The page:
I had a conversation this week with a coaching client.
After only 6 sessions the client asked in all sincerity when I thought it would be a good time to stop training with me and go solo.
It’s up to you.
You’ve been doing your own thing for years. So why did you reach out to me? This person said they were curious after seeing my social media posts, a goal to continue building strength for a knee injury, and wants to work on core, which I am ALL about for every client.
This person said they like bootcamps and HIIT, so I suggested some classes at the new local gym (where I’ll also be training clients), and that they could stick with individual coaching as well, to reduce risk of further injuring the knee, to perform well in the classes, and to see continued results over time.
Strength coaching is a commitment.
I vacillated in training with my first coach.
Does it sound familiar? I started about 30 years ago ago with my first coach – I was curious, interested in how it would work for bit of weight loss, aesthetics, and injury rehab.
I still feel bad about being that difficult client! I only wanted to do stuff I already knew how to do, and I was super inconsistent, with good excuses to skip a session. I lost a little weight, the inflammation was relieved, and I looked and felt good…then I thought I was finished. I thought it was a “luxury expense”, and I quit. I was already accumulating certifications, so I thought I was smart enough to go it alone. NOT.
I’ve realized that having expert guidance is essential to make workouts efficient and effective, and to achieve results.
Coaching is not like PT, where you finish a course of treatment and you’re released.
So what’s coaching for?
Strength training guided by a certified professional will reduce the risk of injury and the need for procedures in the future. But not only that. Efficient, effective, and safe exercise benefits the body AND the brain.
Women especially need coaching through perimenopause and beyond to stay strong for the long game. Here’s why strength training is super important for women. Get strong ladies. To be continued…
Every athlete (you’re an athlete if you use your body for a purpose) benefits from coaching. Progressions and regressions, addressing realistic goals, and doing the boring basics isn’t always sexy, but it sure pays off.
We’re aging every nanosecond. After age 35 or so our bodies begin to lose muscle. Muscle loss (sarcopenia) increases over time, and faster after 40, 50, and rapidly after 60. We can maintain and strengthen remaining muscle fiber forever in a combination of longer duration low intensity, and high intensity, plus progressive overload strength training.
- If you like group sessions, your 1-1 coaching will keep you strong, mobile, and flexible so you can fully participate and enjoy those classes.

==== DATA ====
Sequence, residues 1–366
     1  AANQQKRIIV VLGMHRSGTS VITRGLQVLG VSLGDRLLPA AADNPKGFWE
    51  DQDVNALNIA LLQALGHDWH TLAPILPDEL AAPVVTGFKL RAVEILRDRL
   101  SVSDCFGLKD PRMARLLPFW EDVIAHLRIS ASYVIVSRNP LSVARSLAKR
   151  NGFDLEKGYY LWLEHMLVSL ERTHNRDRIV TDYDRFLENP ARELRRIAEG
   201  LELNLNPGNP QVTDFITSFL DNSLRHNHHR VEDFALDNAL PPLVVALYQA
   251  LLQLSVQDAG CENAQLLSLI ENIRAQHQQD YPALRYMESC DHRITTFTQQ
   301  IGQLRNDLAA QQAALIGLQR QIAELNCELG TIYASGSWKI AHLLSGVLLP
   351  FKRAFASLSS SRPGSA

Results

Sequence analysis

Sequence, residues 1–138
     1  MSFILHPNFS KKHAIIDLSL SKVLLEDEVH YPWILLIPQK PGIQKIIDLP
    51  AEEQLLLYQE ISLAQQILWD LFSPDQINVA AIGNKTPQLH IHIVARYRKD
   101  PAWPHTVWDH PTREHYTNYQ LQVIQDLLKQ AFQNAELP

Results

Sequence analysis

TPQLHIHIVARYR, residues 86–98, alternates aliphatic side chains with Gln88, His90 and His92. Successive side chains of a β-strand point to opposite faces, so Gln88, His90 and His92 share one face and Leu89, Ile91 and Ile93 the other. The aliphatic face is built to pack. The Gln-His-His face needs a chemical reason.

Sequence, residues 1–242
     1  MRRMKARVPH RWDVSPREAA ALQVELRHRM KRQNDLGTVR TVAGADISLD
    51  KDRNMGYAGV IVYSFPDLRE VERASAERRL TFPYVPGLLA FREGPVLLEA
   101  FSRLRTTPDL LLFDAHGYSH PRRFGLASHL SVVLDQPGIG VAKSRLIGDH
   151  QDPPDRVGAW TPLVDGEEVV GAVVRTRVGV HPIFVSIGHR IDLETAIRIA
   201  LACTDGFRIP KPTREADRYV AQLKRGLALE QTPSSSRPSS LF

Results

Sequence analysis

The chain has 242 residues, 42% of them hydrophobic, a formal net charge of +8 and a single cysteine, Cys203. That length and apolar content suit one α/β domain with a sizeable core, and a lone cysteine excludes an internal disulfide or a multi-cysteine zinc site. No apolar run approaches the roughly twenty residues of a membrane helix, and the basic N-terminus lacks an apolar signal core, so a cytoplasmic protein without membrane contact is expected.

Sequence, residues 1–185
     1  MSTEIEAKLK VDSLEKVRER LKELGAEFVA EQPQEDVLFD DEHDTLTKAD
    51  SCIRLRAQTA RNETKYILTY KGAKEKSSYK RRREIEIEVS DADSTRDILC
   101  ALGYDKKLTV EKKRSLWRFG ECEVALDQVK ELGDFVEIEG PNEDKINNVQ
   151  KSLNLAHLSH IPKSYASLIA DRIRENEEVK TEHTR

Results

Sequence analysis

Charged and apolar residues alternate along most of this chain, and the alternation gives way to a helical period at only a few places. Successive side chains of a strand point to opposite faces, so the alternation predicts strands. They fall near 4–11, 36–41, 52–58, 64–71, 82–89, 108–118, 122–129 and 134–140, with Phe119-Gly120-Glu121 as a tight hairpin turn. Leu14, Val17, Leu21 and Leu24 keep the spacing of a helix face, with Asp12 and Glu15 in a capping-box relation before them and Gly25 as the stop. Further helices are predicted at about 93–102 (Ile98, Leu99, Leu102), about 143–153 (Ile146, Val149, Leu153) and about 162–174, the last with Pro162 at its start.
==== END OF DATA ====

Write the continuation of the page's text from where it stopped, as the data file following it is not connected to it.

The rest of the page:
- If you’re looking for mechanics, strength and power, your coach will keep you on track to perform your best.
- If it’s about muscle definition – resistance training (plus nutrition) will contribute to hypertrophy (muscle growth).
- If you’re looking to lift heavy, and get strong your coach will enable you to progress safely, efficiently, effectively.
A coach can see you better than you can see yourself.
Thankfully I realized that I need a coach.
And I’ve had the best coaches. Smart, patient, perceptive.
Even through the years that I’ve been certified, my coaches have enabled me to succeed in racing my bike, powerlifting, and rowing after age 50. At 70 the coaching is still paying off.
Performance, mechanics, and even attitude are factored into training sessions, not just numbers, especially for women after age 35 or so, and beyond. You can build muscle and get strong at any age.
Want to get strong, stay strong?
It’s up to you.
I’m here for you.
Trainer tip: Crunchy knees?
As a long-time member of the crunchy knee club (an ortho told me it’s “bone-on-bone”), here are my survival tips for getting through a squat session without the distracting snap, crackle, pop, of the knee joints.
Knee cracking by itself doesn’t mean much, but if it’s combined with sharp pain, stop what you’re doing and get to an ortho for evaluation, and especially get to PT asap.
If it’s just uncomfortable or annoying here’s what I do to help avoid knee pain and cracks before squatting:
- This is a biggie. Don’t sit for an extended time before a workout. I know you’ve been hearing that sitting is bad – because it IS. If you’re desk bound for any length of time, or on the train, bus, boat, or driving, get moving well before the workout.
- Activate the legs before squat workouts.
- Do light light leg extensions on a machine, or at home, turning on the quads as you extend with a hold at extension. Seated with the back straight, straighten the leg (either together or one at a time), press the back of the knee toward the floor, and hold briefly.
- Try banded squats for pre-workout, with a large resistance band behind the knees, anchored onto a squat rack or sturdy pole. (use knee wraps for this one.)
- Activate adductors and glutes – do a couple of sets of squats squeezing a ball or yoga block.
- Do unweighted tempo squats – slow eccentric with a hold at the bottom.
- Warm up for real. Get a bit sweaty before the workout to raise core body temp.
- Stay hydrated. It really does help lubricate the joints.